- Minnesota Breeding Bird Distribution
- Breeding Habitat
- Population Abundance
- Literature Cited
A regular breeding resident, migrant, and winter visitant. The Purple Finch was an uncommon species during the Minnesota Breeding Bird Atlas (MNBBA).
Primarily found in low densities in the northeastern and upper midwestern United States, across Canada from the Maritime Provinces to the Pacific Coast, north to northern British Columbia and northern Alberta, and south through California (Figure 1). Highest densities are found in Nova Scotia and along the Pacific Coast, especially in western Washington State.
Continental Concern Score of 9/20 by Partners in Flight; designated a Species in Greatest Conservation Need by the Minnesota Department of Natural Resources.
Short-distance migrant that over-winters throughout the eastern, southeastern, and midwestern United States and southern regions of Nova Scotia, Quebec, and Ontario in Canada.
Omnivorous, including buds, seeds, fruits, and insects from trees, shrubs, and on the ground.
Cup-nest on a branch of a coniferous tree or a shrub.
Historically identified as “a common summer resident in the evergreen forests of the state as far south as northern Isanti and Pine counties and as far west as Itasca Park” (Roberts 1932). Roberts reported nesting activity in Aitkin (young just out of the nest), Cass (two nests, each with one egg), Cook (feeding young), Isanti (feeding young in the nest), Itasca (feeding young out of nest), and Pine (feeding young) Counties as well as the Mille Lacs area (nest with no eggs). As noted, most of his breeding observations were of a nest or of young being fed by the adults. All of the observations reported were from early on in the twentieth century (1903 to 1930).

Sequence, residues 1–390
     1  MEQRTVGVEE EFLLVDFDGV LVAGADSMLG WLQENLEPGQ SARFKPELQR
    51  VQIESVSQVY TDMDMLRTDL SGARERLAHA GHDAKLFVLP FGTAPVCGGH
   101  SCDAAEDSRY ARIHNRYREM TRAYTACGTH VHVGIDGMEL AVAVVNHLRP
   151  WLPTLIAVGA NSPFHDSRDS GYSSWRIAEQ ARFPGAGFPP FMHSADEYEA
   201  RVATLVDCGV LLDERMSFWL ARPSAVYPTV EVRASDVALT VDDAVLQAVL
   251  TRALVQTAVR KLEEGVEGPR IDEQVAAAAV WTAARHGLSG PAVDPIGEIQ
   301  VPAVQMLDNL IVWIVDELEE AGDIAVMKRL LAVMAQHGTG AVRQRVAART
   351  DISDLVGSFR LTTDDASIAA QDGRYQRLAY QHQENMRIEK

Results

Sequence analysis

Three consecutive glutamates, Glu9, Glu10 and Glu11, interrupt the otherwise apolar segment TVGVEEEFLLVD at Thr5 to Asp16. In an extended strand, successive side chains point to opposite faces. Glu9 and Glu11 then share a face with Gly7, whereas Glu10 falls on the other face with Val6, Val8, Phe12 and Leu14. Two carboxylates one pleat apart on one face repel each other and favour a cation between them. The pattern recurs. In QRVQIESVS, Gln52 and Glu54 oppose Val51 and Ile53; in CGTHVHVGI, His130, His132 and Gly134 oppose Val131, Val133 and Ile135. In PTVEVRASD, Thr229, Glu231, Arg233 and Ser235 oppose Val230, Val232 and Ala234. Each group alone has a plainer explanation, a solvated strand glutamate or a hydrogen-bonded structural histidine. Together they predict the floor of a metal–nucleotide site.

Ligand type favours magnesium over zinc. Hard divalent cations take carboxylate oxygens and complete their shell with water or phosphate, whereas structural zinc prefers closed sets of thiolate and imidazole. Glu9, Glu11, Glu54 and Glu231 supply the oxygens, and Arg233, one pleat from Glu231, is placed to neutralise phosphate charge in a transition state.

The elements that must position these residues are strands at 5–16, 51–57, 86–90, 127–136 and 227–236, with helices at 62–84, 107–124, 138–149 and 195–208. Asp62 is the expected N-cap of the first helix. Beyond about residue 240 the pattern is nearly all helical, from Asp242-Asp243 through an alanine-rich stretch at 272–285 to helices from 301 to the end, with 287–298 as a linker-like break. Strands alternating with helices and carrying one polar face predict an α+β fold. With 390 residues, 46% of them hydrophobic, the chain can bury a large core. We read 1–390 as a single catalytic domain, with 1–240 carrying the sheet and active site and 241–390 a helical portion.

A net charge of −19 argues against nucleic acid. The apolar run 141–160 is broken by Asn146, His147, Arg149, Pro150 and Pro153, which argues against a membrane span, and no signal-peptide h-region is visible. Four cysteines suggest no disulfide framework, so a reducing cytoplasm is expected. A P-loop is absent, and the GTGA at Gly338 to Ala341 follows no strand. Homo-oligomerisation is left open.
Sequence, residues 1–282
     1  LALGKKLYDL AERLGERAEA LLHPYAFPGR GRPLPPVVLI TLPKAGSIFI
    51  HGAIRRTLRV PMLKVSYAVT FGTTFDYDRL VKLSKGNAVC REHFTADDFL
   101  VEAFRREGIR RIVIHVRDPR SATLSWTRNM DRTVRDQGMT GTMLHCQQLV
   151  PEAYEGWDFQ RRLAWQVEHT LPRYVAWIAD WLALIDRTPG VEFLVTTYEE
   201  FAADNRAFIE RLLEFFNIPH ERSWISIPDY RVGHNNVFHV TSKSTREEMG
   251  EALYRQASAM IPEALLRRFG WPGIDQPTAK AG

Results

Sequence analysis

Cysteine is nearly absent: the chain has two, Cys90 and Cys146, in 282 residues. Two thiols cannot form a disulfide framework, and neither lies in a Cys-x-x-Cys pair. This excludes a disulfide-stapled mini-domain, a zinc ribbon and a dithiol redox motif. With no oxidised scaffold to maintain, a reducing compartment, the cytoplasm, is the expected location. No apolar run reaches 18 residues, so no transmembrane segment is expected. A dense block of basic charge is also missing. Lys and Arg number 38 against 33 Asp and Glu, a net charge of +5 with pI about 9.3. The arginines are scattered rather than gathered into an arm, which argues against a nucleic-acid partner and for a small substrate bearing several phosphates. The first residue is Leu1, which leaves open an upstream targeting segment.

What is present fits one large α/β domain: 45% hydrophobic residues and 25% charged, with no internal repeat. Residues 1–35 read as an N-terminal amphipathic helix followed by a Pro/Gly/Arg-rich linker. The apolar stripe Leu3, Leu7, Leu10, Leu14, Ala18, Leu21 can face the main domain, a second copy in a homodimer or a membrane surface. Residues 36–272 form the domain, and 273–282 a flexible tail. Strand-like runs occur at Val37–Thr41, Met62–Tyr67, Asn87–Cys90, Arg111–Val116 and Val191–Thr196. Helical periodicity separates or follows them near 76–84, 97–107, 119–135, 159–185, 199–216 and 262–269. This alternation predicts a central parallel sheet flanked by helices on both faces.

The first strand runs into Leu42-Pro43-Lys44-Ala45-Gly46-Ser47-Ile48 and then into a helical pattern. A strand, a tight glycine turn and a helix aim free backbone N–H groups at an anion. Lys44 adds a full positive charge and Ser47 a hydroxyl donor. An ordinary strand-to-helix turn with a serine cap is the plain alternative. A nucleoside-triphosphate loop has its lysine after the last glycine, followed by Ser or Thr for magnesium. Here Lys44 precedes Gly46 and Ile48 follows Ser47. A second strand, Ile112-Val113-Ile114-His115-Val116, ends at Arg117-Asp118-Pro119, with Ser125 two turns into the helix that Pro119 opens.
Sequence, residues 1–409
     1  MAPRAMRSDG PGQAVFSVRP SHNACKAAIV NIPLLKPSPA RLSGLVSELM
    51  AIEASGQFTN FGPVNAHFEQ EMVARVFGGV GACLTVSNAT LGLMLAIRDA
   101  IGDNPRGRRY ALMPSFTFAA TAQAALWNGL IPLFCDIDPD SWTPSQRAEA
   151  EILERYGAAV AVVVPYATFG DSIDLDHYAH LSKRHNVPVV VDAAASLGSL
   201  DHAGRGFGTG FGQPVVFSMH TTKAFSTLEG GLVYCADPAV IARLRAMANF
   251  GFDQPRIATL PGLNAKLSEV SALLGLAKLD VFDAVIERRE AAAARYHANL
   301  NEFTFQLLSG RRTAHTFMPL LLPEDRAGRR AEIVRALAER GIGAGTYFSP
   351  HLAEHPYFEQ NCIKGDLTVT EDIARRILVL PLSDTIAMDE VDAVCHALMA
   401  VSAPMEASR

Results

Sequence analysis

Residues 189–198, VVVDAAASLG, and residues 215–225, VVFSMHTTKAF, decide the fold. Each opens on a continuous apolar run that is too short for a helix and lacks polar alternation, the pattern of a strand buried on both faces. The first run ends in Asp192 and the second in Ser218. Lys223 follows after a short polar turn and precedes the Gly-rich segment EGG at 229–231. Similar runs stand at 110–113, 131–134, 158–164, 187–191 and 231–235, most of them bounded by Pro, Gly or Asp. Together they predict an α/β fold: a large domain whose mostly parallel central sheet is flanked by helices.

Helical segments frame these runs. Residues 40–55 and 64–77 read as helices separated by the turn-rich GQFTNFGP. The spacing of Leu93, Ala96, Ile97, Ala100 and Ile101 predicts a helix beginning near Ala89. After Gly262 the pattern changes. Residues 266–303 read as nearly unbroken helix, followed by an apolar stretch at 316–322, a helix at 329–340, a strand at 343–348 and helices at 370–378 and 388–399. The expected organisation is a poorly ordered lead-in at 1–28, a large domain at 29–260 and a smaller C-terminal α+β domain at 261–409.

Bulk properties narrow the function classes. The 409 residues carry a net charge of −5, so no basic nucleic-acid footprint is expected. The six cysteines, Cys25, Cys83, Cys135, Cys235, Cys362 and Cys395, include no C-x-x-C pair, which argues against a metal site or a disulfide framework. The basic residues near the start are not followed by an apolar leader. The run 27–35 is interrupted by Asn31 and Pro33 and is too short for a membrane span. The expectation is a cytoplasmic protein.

Green and Janssen (1975) reported a similar breeding distribution to that described by Roberts, primarily in northeastern and north-central Minnesota. They identified confirmed and inferred nesting from 15 counties primarily in the northern and northeastern counties, south to Isanti County, southwest to northeastern Stearns County, and west to Clearwater County. They also identified several summer observations from the Twin Cities area, but no nesting evidence was reported. Janssen (1987) also reinforced the species’ breeding distribution in Minnesota, but he extended it farther south with a confirmed nesting in northern Anoka County and northwest to Marshall County. He included a total of 9 counties with confirmed nesting since 1970. Hertzel and Janssen (1998) further expanded the confirmed nesting of the Purple Finch since 1970 to include Becker, Lake of the Woods, and Pennington Counties.
The Minnesota Biological Survey (MBS) (Minnesota Department of Natural Resources 2016) included 438 breeding season locations and indicated high concentrations in the northeastern counties. Observers also recorded extensive breeding observation locations throughout the north-central and northwestern counties of Aitkin, Becker, Beltrami, Clearwater, Itasca, and Wadena. Scattered breeding season locations also included Douglas, Otter Tail, and Todd Counties in west-central Minnesota.
The MNBBA recorded 979 breeding records that indicated a strong association of the Purple Finch with the Laurentian Mixed Forest Ecological Province (Figure 2). Several observations were scattered in the Tallgrass Aspen Parklands Ecological Province and in the northern and central areas of the Eastern Broadleaf Forest Ecological Province. Confirmed nesting in the latter province was noted in Anoka and Washington Counties; the latter was the first confirmed nest in Washington County.